On March 21, 1965, 3,200 civil rights demonstrators began a march from Selma, Ala., to Montgomery to protest discriminatory voting laws. The march came to weeks after “Bloody Sunday,” when peaceful marchers in Selma were attacked by state and local police.
Demonstrators March 54 Miles to Montgomery
In early 1965, the SCLC, SNCC and other black civil rights organizations launched a voter registration campaign in Selma, Ala., where because of intimidation and literacy tests just 2 percent of the African-American population was registered to vote.
On Feb. 18, during a protest march in nearby Marion, police shot and killed 26-year-old Jimmie Lee Jackson as he tried to protect his mother and grandfather from police beatings. In response, John Lewis of SNCC and Hosea Williams of SCLC organized a march from Selma to the state capitol in Montgomery, 54 miles away.
On March 7, about 525 people began marching over Selma’s Edmund Pettus Bridge, where they were met by local police and state troopers, who had been ordered by segregationist Gov. George Wallace to stop the marchers. Brandishing tear gas, whips and sticks, the officers attacked the marchers and drove them back over the bridge, injuring 56.
The event, known as “Bloody Sunday,” was captured on film and broadcast across the country, horrifying many Americans. SCLC leader Martin Luther King soon arrived in Selma and organized a second march while his lawyers filed for a federal injunction to stop Wallace from inhibiting the march.
On March 9, King led a symbolic march onto the bridge and back, avoiding conflict with the police. On March 17, District Judge Frank M. Johnson Jr. granted the injunction, ordering that police could not stop a peaceful civil rights march.
On Sunday, March 21, 3,200 marchers left Selma with federal troops guarding them to begin their third and final march. Over the course of five days, many of the demonstrators walked 54 miles to Montgomery. They slept in tents at night and continued the march through rain on the third day. By the time the march reached Montgomery, there were 25,000 people in the crowd.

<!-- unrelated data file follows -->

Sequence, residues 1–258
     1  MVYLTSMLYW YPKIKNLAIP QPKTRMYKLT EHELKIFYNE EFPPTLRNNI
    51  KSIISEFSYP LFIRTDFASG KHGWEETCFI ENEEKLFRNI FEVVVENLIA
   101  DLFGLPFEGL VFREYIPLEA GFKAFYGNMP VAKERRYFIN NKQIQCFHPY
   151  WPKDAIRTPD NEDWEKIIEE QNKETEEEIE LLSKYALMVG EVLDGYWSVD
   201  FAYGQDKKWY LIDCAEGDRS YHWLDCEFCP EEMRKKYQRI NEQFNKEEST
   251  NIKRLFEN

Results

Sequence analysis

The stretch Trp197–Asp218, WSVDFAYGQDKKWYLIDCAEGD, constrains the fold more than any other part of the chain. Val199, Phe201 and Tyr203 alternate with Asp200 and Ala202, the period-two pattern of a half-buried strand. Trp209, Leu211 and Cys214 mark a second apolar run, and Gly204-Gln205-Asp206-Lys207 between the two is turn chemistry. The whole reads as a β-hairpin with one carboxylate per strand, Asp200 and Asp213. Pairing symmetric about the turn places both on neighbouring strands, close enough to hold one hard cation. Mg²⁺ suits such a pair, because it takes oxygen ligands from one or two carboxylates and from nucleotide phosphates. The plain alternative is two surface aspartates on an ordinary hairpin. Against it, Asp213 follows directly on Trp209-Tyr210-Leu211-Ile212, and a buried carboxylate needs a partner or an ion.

When they reached the capitol, they presented a petition reading, “We have come not only five days and 50 miles [80 kilometers], but we have come from three centuries of suffering and hardship. We have come to you, the Governor of Alabama, to declare that we must have our freedom NOW. We must have the right to vote; we must have equal protection of the law, and an end to police brutality.”
King delivered a speech from the steps of the capitol. “The end we seek is a society at peace with itself, a society that can live with its conscience,” he declared. “And that will be a day not of the white man, not of the black man. That will be the day of man as man.”
PBS’ “Eyes on the Prize” features a video clip of “Bloody Sunday.”
The Voting Rights Act of 1965
Sources in this Story
- Stanford University: King Institute: Selma to Montgomery March (1965)
- Encyclopedia of Alabama: Selma to Montgomery March
- America.gov: Free At Last: The Selma-to-Montgomery March
- U.S. Department of Justice: Introduction To Federal Voting Rights Laws
Bloody Sunday and the Selma-to-Montgomery march spurred President Lyndon Johnson and Congress to begin work on federal legislation protecting African-Americans’ right to vote. Johnson presented a voting rights bill to Congress on March 15 and referenced Selma in his address.
“Their cause must be our cause too,” he said. “Because it is not just Negroes, but really it is all of us, who must overcome the crippling legacy of bigotry and injustice. And we shall overcome.”
On Aug. 6, Congress passed the Voting Rights Act of 1965, which banned discriminatory voting laws such as literacy tests. It also allowed for federal examiners to oversee voter registration in areas where the right to vote had been threatened.
In his remarks at the Capitol, Johnson said the “outrage of Selma” inspired the act, which he called “one of the most monumental laws in the entire history of American freedom.”
The Alabama Department of Archives and History shows a sample copy of one of the tests administered to potential black voters.
The Civil Rights Movement
The findingDulcinea Web Guide to the Civil Rights Movement features links to the best primary and secondary sources on the movement.